Surface hybridization, a reaction in which nucleic acid molecules in solution react with nucleic acid partners immobilized on a surface, is widely practiced in life science research. In these applications the immobilized partner, or "probe", is typically single-stranded DNA. Because DNA is strongly charged, high salt conditions are required to enable binding between analyte nucleic acids ("targets") in solution and the DNA probes. High salt, however, compromises prospects for label-free monitoring or control of the hybridization reaction through surface electric fields; it also stabilizes secondary structure in target species that can interfere with probe-target recognition. In this work, initial steps toward addressing these challenges are taken by introducing morpholinos, a class of uncharged DNA analogues, for surface-hybridization applications. Monolayers of morpholino probes on gold supports can be fabricated with methods similar to those employed with DNA and are shown to hybridize efficiently and sequence-specifically with target strands. Hybridization-induced changes in the interfacial charge organization are analyzed with electrochemical methods and compared for morpholino and DNA probe monolayers. Molecular mechanisms connecting surface hybridization state to the interfacial capacitance are identified and interpreted through comparison to numerical Poisson-Boltzmann calculations. Interestingly, positive as well as negative capacitive responses (contrast inversion) to hybridization are possible, depending on surface populations of mobile ions as controlled by the applied potential. Quantitative comparison of surface capacitance with target coverage (targets/area) reveals a nearly linear relationship and demonstrates sensitivities (limits of quantification) in the picogram per square millimeter range.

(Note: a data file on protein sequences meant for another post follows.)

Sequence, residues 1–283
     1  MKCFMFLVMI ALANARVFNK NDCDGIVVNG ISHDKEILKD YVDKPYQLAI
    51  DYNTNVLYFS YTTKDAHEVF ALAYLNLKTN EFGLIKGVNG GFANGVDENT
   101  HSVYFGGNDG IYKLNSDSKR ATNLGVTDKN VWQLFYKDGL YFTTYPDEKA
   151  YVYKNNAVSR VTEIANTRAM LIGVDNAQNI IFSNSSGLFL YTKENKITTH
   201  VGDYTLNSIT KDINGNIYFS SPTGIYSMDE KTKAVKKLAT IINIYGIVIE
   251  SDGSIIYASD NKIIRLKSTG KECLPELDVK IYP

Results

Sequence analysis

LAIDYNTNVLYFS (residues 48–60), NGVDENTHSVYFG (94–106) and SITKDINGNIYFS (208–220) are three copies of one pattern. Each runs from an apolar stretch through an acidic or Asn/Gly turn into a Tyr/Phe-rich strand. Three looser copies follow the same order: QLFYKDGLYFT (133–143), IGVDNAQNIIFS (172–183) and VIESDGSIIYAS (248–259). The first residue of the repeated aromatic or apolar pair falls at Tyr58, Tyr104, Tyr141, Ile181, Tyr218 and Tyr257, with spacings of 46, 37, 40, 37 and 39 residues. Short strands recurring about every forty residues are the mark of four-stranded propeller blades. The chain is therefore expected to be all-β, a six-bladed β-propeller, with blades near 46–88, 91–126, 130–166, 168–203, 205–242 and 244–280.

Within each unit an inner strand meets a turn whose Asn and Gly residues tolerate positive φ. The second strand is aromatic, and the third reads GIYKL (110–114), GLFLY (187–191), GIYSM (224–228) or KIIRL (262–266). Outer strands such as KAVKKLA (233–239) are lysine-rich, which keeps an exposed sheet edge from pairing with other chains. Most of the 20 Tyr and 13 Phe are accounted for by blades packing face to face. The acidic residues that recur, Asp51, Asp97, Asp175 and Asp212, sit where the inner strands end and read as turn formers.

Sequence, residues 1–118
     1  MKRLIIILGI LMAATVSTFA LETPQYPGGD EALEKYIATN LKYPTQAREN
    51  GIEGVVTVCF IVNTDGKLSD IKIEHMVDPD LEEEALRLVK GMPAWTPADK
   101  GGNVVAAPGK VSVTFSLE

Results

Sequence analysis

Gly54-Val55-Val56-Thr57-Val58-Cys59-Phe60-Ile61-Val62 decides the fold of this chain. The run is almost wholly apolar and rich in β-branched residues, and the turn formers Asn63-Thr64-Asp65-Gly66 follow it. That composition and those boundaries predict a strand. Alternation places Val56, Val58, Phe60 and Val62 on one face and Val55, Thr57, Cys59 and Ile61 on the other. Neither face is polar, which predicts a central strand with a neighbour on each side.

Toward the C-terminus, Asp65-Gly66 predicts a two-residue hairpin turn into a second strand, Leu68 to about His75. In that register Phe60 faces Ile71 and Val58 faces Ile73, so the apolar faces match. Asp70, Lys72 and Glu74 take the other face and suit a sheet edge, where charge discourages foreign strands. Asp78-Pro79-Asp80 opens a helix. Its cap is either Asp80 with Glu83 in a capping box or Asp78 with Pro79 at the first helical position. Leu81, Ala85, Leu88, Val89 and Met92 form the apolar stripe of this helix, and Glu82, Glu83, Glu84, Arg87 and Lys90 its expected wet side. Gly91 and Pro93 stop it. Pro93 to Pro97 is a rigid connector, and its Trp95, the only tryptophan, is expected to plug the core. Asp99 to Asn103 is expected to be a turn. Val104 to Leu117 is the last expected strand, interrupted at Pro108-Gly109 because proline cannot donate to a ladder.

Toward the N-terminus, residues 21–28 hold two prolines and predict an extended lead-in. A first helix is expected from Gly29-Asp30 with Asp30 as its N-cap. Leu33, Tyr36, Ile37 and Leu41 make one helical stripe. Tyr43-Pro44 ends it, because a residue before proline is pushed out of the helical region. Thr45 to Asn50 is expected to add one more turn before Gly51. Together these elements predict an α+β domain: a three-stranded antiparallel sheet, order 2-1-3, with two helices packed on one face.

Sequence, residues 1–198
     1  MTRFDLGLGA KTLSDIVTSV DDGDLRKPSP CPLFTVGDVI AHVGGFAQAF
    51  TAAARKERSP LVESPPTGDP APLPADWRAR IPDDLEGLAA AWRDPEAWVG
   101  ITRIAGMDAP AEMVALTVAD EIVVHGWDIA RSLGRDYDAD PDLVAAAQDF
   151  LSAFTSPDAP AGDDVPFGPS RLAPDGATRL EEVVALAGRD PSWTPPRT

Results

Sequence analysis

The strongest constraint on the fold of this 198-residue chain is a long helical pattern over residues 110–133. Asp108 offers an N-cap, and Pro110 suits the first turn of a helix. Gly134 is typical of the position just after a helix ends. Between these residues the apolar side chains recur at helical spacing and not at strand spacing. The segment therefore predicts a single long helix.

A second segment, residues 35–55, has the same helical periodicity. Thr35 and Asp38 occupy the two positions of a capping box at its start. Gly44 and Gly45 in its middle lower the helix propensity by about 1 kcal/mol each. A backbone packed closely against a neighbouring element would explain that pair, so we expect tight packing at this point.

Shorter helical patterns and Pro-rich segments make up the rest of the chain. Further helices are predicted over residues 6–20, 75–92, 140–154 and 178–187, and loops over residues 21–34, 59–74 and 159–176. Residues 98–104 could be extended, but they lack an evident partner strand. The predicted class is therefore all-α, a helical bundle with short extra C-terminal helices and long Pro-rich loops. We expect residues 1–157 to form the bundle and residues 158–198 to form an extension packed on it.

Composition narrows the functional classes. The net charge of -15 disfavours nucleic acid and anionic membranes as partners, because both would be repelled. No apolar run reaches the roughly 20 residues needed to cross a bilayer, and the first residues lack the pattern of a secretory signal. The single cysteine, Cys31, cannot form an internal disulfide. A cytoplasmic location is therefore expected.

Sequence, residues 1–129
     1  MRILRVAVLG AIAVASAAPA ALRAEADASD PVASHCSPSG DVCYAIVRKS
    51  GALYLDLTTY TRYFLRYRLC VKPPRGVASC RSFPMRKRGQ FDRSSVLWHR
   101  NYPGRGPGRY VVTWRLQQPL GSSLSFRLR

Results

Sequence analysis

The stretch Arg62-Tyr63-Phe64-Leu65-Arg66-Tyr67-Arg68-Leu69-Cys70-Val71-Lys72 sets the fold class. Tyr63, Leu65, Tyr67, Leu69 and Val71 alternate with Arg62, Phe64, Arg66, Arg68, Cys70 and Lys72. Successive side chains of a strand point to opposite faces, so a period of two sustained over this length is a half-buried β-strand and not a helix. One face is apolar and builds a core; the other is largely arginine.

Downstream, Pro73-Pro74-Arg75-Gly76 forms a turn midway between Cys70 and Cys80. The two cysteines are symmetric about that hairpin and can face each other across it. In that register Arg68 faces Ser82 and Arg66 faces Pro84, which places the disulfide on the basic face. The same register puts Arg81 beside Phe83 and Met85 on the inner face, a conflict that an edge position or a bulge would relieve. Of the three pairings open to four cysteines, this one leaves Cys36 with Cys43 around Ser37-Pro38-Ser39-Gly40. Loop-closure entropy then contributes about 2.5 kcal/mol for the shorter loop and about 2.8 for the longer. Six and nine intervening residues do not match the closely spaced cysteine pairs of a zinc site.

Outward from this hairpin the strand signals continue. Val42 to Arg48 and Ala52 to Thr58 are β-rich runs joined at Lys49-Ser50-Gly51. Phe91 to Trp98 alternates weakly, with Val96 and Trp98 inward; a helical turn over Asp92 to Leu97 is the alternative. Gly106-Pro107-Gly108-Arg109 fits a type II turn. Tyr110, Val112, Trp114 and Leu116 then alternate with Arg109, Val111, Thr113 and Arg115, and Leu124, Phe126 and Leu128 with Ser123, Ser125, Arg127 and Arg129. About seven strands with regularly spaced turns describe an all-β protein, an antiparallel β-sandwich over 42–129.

ASJC Scopus subject areas
- Colloid and Surface Chemistry